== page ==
AngularJS Modular Architecture

In this post, I'd like to share some experience after setting up several enterprise-scale AngularJS projects for modular development, since I think the merits of this approach are quite universal.

If you're new to AngularJS, one of the best parts of the framework is its dependency injection.

Simply injecting the resources needed in a small project with several controllers, services, and directives is easy. But what about a larger projects, with hierarchical dependencies and multiple features? For simple projects, I often see this type of directory structure:

root  
|-- foo
|    |-- styles/
|    |-- assets/
|    |-- index.html
|    |-- scripts/ 
|    |    |-- controllers/
|    |    |    |-- controller-feature-a.js
|    |    |    |-- controller-feature-b.js
|    |    |-- directives/
|    |    |    |-- directive-feature-a.js
|    |    |    |-- directive-feature-b.js
|    |    |    |-- directive-feature-c.js
|    |    |-- services/
|    |    |-- app.js

This kind of structure, while fine for a simple application, becomes quickly unmanageable as a project grows. While logical, larger projects tend to be based around features. It's easy enough finding features a, b, and c within a few files. But as a project expands, as they often do, a more efficient strategy will become important, not only for simple folder organization but for modularization.

Given a module named foo, the module would have:

|-- foo
|    |-- assets/
|    |-- index.html
|    |-- scripts/ 
|    |    |-- feature-a/
|    |    |    |-- feature-a-controller.js
|    |    |    |-- feature-a-modal-controller.js
|    |    |    |-- feature-a-directive.js
|    |    |    |-- feature-a-interceptor.js
|    |    |    |-- feature-a-model.js
|    |    |    |-- feature-a-module.js
|    |    |    |-- html/
|    |    |    |    |-- feature-a.html
|    |    |    |    |-- feature-a-modal.html
|    |    |    |-- less/
|    |    |    |    |-- feature-a.less
|    |    |    |    |-- feature-a-modal.less
|    |    |-- feature-b/
|    |    |    |-- directive-feature-b.js
|    |    |-- app.js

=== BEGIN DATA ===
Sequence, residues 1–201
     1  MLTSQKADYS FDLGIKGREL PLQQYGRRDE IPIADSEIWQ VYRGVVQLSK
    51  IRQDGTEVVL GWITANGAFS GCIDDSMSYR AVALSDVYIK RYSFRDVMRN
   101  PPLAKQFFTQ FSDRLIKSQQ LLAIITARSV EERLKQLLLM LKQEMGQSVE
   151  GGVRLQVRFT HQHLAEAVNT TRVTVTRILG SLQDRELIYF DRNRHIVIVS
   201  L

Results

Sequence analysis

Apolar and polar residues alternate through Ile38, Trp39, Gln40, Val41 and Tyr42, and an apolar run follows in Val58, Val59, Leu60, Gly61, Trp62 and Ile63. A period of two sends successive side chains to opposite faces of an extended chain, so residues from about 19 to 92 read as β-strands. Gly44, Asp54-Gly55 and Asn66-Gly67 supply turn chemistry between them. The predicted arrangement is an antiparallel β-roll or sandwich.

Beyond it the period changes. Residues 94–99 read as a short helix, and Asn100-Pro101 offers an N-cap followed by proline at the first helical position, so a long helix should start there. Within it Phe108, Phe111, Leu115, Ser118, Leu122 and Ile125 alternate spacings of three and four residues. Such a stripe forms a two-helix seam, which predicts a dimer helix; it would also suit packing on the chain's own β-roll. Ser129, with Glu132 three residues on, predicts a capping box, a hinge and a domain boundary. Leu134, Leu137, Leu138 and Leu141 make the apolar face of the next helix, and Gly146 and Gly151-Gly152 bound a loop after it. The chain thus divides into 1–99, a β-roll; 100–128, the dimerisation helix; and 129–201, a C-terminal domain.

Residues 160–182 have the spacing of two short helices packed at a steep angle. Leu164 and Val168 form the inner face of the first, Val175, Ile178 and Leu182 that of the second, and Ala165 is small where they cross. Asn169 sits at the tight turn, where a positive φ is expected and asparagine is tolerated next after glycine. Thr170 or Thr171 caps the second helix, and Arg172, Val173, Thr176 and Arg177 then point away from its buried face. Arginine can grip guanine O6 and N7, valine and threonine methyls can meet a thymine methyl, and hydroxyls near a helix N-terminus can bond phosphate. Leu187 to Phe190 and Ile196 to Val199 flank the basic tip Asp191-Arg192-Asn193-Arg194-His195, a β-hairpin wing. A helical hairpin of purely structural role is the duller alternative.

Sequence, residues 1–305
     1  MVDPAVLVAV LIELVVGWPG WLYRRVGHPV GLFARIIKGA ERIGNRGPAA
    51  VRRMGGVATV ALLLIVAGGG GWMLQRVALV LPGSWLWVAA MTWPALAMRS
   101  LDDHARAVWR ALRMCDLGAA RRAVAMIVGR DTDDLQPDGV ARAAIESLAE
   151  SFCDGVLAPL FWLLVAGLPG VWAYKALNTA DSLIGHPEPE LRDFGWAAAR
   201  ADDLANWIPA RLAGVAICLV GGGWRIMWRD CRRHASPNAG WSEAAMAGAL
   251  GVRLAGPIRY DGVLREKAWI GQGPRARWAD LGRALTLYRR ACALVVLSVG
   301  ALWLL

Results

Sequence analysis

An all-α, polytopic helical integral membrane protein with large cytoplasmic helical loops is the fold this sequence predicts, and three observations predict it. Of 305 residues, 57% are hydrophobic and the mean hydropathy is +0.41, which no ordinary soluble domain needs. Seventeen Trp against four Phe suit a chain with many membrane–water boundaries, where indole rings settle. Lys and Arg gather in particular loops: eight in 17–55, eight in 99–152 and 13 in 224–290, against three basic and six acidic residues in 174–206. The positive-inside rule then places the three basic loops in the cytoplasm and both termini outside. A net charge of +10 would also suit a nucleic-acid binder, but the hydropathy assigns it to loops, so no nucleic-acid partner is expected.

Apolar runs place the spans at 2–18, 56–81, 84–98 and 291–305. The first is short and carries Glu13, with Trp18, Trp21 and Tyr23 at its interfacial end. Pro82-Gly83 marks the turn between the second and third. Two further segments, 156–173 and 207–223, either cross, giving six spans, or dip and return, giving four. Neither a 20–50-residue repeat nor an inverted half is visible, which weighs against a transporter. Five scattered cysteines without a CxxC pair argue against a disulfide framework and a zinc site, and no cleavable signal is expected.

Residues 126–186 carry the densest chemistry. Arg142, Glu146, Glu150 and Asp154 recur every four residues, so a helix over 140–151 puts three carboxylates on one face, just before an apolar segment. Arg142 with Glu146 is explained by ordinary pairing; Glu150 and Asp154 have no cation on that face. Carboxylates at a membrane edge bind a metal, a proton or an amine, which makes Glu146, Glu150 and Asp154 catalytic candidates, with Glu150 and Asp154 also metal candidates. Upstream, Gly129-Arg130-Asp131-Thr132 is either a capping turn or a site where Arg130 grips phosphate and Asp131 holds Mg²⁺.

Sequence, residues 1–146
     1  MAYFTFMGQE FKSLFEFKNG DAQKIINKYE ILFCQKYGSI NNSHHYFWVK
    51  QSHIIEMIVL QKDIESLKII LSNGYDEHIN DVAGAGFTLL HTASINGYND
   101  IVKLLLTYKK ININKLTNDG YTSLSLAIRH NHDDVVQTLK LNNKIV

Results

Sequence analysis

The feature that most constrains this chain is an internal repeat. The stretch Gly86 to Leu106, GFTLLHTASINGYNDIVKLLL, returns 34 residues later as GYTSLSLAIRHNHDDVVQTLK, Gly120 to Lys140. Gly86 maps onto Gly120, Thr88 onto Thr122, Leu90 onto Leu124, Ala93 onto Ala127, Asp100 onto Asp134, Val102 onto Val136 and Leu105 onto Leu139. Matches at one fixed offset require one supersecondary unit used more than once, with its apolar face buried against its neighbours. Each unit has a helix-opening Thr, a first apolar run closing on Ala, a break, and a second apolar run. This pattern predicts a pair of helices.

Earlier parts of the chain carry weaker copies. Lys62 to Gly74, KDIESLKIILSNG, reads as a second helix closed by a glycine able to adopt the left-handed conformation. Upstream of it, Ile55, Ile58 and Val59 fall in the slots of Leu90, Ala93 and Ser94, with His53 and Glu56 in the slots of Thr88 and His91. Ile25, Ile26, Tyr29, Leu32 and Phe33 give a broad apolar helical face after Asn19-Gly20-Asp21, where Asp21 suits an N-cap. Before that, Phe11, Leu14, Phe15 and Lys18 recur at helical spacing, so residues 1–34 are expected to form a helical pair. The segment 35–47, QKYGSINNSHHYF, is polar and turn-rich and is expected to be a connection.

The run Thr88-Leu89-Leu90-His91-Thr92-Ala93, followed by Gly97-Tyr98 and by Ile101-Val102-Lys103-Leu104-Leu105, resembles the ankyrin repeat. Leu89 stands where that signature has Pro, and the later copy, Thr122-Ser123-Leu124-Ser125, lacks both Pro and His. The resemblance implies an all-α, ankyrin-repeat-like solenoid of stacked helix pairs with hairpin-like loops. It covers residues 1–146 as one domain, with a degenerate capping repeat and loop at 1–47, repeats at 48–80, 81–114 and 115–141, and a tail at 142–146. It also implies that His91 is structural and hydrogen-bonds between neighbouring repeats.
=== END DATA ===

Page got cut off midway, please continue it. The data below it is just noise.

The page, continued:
Using this methodology, it's easy to see how much simpler it is to work within a given feature. The feature is modularized through the feature-module.js file, which might look something like:

angular.module('app.feature-a', [])  
  .constant('featureAConfig', {
    // probably best to put these in a separate file within the module
    TEMPLATE_URL: '/scripts/feature-a/html/',
    TEMPLATE_NAME: 'feature-a.html',
    CONTROLLER_NAME: 'FeatureACtrl',
    API_CONFIG: []
    // and so on
  })
  .config(function($routeProvider, featureAConfig) {
    $routeProvider
      .when('/featureA', {
        templateUrl: featureAConfig.TEMPLATE_URL + featureAConfig.TEMPLATE_NAME
        controller: featureAConfig.CONTROLLER_NAME
      });
  });

get automatic injection of these assets into your index.html file using Grunt, Gulp, or whatever build system you use. Once added, you can simply add your angular modules to the root Angular file as dependencies, like this:

angular  
  .module('app', [
    'ngAnimate', 
    'ngCookies', 
    'ngMessages',
    // etc...
    'app.featureA',
    'app.featureB',
    'app.featureC'
  ]); 

Keep it simple. There's lots you can do from here. You'll probably want to separate out core functionality, like authentication, into a separate feature area. You can throw your specs and tests there, or put them somewhere else entirely. Choices, choices.

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